Blood, gore and pain – a recording of the world post the Zombie war.
Books are of many kinds. Some intrigue us from page one, some build the plot gradually and some others include twists and turns at regular intervals to keep us glued to them.
World War Z belongs to an altogether different category, which is plain and has a not-so engaging description about the aftermath and survival records of a Zombie war.
The book is an account of the survivors of a Zombie attack which is presented through a series of interviews that the narrator, an agent of the United Nations Postwar Commission, gives.
The story begins in China with a boy who is infected with a deadly, unidentifiable pandemic that fast-spreads across the world. Describing the cause, its effects and probable origin, the narrator takes us along various parts of the world.
The author has dealt in detail with the descriptions of survivors, post-war recovery and the measures adopted by various governments. Many attempts to eradicate the Zombies remain unsuccessful, and years roll by in the mean time. Almost after a decade, the war comes to an end.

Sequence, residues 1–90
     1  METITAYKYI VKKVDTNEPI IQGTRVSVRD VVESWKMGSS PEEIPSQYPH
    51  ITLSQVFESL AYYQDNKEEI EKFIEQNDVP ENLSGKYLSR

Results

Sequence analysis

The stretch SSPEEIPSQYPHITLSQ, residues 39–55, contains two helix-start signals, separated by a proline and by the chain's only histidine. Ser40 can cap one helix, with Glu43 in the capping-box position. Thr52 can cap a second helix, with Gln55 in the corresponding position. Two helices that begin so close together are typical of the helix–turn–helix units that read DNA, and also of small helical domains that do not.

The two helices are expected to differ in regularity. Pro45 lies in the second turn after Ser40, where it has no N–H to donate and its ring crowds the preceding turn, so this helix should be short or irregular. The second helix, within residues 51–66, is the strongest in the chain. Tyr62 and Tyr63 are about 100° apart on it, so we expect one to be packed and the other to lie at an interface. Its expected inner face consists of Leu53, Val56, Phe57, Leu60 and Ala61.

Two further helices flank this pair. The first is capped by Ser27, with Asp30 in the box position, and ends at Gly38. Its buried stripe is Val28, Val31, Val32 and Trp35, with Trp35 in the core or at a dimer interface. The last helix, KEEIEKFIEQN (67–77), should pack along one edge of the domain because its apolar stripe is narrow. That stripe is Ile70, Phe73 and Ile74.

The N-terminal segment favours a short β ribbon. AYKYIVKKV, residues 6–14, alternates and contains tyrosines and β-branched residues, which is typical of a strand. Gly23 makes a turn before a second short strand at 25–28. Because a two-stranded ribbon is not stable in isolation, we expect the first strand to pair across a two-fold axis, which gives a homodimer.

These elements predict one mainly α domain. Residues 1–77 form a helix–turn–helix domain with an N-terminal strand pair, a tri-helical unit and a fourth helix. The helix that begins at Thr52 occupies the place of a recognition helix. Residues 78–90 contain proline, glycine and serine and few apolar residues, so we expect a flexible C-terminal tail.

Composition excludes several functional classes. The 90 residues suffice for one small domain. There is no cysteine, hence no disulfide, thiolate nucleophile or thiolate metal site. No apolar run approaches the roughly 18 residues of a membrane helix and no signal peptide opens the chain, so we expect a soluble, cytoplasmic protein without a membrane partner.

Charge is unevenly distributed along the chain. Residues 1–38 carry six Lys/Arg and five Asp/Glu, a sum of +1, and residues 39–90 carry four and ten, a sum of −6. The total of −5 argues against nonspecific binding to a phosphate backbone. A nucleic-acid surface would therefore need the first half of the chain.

However, millions of Zombies have spread and deep-rooted themselves. The book has not clearly explained about the various changes in names and practices that arose post world war.
The epilogue seems unusually long, again packed with boring description of a global scenario post war, where millions of Zombies have inhabited Earth among an almost dead human population.
The book has an overdose of description and information that is boring. It is dragging in most parts and by the time you complete the book, the initial accounts of survivors at China and Israel are forgotten.
The fact that the narrator has talks about the survival of humanity across major countries of the world, makes it universally appealing. The style of writing leaves room for imagination.
Bottom line — this book is not your cup of tea if you do not like Zombie/apocalypse fiction.